The cheap way requires one or two DVM's so you can measure the voltage and current. And you need some sort of load that will support quite a lot of power. If testing a single 100AH cell you want approximately a 30 amp load. You can use a bank of automotive tail light bulbs as the load. You may need to experiment to see how many bulbs it takes to get 30 amps. And you need a clock.

Average the current reading voltages (or just use the current at the halfway point as it will be close enough) and then calculate the current based on this average. Voltage / shunt resistance will give the average current. Compute the time in hours. It will be minutes until the voltage dropped to 2.5V divided by 60. If you were using 30 amps the expected time for a 100AH cell would be around 200 minutes. 200/60=3.33 hours. Multiply the time in hours by the average current and you will have the AH capacity you measured. In this case 3.33 hours times 30 amps = 99.9AH.

You might need a bank of 20-30 bulbs to get 30 amps which would make that the most expensive part of the deal. It doesnt have to be exactly 30 amps, but if too low you could get bored and forget the battery and have it go flat making the whole thing a moot point because then you would have to replace it.

A watch, a volt meter, a shunt, and a load is all you need. You can enter the data into a google docs spreadsheet and make a nice discharge graph if you took down the numbers.

Pick another cell you think is a good one and test that too so you have something to compare against.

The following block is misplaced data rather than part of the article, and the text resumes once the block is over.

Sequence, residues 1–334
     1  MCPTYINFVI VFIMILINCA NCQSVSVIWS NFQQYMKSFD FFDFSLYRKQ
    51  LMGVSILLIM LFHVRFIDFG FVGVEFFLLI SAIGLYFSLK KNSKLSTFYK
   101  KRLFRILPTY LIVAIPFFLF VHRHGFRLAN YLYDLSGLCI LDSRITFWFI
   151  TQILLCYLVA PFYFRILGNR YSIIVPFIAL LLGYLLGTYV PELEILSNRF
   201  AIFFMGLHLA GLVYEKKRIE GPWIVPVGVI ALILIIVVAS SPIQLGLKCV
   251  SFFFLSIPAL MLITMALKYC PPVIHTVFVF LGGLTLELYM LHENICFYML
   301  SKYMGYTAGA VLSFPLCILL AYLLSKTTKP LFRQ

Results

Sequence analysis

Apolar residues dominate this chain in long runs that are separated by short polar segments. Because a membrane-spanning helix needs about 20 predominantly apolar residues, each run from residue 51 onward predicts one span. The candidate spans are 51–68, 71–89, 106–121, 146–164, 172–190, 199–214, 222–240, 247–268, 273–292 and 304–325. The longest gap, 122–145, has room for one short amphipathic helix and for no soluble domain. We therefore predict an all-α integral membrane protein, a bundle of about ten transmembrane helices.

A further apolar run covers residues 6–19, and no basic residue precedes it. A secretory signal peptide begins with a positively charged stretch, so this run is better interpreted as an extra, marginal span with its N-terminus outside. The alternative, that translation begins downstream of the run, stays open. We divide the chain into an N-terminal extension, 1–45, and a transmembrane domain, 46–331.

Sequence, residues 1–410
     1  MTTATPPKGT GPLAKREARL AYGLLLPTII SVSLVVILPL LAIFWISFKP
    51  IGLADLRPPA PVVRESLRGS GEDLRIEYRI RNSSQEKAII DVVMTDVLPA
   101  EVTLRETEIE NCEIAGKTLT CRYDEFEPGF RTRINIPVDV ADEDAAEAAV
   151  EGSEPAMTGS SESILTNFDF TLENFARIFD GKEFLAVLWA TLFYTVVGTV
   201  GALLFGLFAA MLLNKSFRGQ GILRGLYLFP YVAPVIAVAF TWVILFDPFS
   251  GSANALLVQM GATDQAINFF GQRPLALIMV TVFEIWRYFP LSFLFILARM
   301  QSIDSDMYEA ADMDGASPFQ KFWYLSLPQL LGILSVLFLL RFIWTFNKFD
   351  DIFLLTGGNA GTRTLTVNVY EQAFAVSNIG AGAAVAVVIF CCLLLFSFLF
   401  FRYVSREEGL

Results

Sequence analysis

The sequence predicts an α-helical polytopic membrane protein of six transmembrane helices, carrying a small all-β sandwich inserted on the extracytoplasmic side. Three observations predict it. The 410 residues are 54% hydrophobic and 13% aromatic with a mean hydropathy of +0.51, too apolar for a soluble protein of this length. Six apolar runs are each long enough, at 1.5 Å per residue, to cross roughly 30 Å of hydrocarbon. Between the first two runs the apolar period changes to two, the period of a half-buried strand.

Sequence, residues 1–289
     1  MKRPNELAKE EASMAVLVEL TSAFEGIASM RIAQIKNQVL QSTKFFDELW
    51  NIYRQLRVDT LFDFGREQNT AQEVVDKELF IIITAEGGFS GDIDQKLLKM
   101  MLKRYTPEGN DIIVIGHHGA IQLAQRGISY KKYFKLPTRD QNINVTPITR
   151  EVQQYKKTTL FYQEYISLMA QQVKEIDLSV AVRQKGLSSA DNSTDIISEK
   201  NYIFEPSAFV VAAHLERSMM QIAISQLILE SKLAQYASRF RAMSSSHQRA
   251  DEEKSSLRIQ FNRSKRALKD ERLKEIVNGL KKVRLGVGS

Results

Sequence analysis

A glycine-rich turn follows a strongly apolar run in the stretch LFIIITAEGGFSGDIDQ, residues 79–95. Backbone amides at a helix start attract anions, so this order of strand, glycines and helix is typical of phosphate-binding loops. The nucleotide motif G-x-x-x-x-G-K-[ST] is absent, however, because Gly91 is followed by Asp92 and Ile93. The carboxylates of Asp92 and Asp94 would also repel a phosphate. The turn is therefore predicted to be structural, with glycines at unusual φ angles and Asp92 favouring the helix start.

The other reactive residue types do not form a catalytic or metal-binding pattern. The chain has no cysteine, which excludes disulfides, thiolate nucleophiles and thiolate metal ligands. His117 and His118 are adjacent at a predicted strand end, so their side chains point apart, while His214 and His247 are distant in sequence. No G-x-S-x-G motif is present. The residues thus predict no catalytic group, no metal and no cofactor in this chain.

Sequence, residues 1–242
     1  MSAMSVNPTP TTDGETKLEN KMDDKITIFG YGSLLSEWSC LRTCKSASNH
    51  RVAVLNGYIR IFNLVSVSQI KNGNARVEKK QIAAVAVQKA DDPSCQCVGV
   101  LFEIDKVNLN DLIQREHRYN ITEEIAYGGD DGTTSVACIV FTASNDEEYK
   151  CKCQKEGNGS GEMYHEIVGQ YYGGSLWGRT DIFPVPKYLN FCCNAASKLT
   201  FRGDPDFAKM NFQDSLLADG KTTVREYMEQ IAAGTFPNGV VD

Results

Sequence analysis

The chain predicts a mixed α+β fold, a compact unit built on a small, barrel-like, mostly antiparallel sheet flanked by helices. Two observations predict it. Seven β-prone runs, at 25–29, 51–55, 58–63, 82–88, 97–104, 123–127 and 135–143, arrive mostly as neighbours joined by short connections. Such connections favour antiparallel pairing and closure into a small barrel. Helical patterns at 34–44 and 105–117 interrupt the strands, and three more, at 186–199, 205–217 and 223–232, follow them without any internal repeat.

An alternative to all of this is just replace the cell you think is weak and keep it as a spare for when you have a real failure. Charge it so the resting voltage is a little over 3.30 volts for long term storage.
__________________
Doug Ingraham
Rapid City, SD
1985 Mazda RX-7 GSL (1400+ EV miles)
Now on the road but still under construction.
#7
07-19-2012, 03:29 AM
 eva-michael Junior Member Join Date: Apr 2010 Location: China Posts: 22
Re: How to test capacity...?

If it's not more than 60V nominal 140A rated. You can directly use a GT power capacity meter.
__________________
www.evassemble.com All for EVs. If you are finding any ev parts, this will be a website deserves your visit.
#8
07-19-2012, 04:58 AM
 GerhardRP Senior Member Join Date: Nov 2009 Posts: 449
Re: How to test capacity...?

Quote:
 Originally Posted by lowcrawler I appreciate the link, but I'm not really looking for a \$250 dollar solution to test if a \$100 cell is in need of replacement. :-/ Isn't there an easy and cheap way to see how much capacity a cell has compared to another? That's really all I'm looking for... I don't need automated logging, graphs, etc. I'll probably do the test once, replace if needed, and never do it again for the life of the pack.
First, find a data sheet for your cells and find the resting voltage vs. state of charge. Then, after you have run your weakest cell to its low limit, accurately measure the resting voltages of each cell. Finally look up the SOC of each cell from the data sheet. Cost = good DVM.
Gerhard

 Share or Bookmark this

 Thread Tools Display Modes Linear Mode

 Posting Rules You may not post new threads You may not post replies You may not post attachments You may not edit your posts BB code is On Smilies are On [IMG] code is On HTML code is Off Forum Rules
 Forum Jump User Control Panel Private Messages Subscriptions Who's Online Search Forums Forums Home General Forum     EV News     Chit Chat EV Conversions and Builds     All EV Conversions and Builds     Technical Discussion     Batteries and Charging     Controllers     Electric Motors     EV Performance     Electric Bikes     Non Road Going Vehicles DIY EV Wiki     EV Information     DIY Wiki Discussion Production EVs and Hybrids     Production EVs     Production Hybrids Marketplace     Classifieds     eBay EV-Related Auctions     Parts Vendors     Professional Conversion Services     EV Dealers EV Clubs     Dallas EV Club     TexomaEV.com     EVAoSD     NEAA     NZEVA     B-EVA     UtahEVInterest External Information     EVDL List

All times are GMT -6. The time now is 02:43 PM.